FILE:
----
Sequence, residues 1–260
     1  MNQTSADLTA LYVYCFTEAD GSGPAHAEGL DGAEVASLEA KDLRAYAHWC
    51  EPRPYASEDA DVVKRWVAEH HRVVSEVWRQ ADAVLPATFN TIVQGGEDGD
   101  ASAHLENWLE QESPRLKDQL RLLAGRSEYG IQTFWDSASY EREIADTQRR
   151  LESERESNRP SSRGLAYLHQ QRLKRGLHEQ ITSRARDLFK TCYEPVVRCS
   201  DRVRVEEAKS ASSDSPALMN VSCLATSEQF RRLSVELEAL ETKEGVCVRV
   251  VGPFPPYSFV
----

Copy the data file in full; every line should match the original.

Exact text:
Sequence, residues 1–260
     1  MNQTSADLTA LYVYCFTEAD GSGPAHAEGL DGAEVASLEA KDLRAYAHWC
    51  EPRPYASEDA DVVKRWVAEH HRVVSEVWRQ ADAVLPATFN TIVQGGEDGD
   101  ASAHLENWLE QESPRLKDQL RLLAGRSEYG IQTFWDSASY EREIADTQRR
   151  LESERESNRP SSRGLAYLHQ QRLKRGLHEQ ITSRARDLFK TCYEPVVRCS
   201  DRVRVEEAKS ASSDSPALMN VSCLATSEQF RRLSVELEAL ETKEGVCVRV
   251  VGPFPPYSFV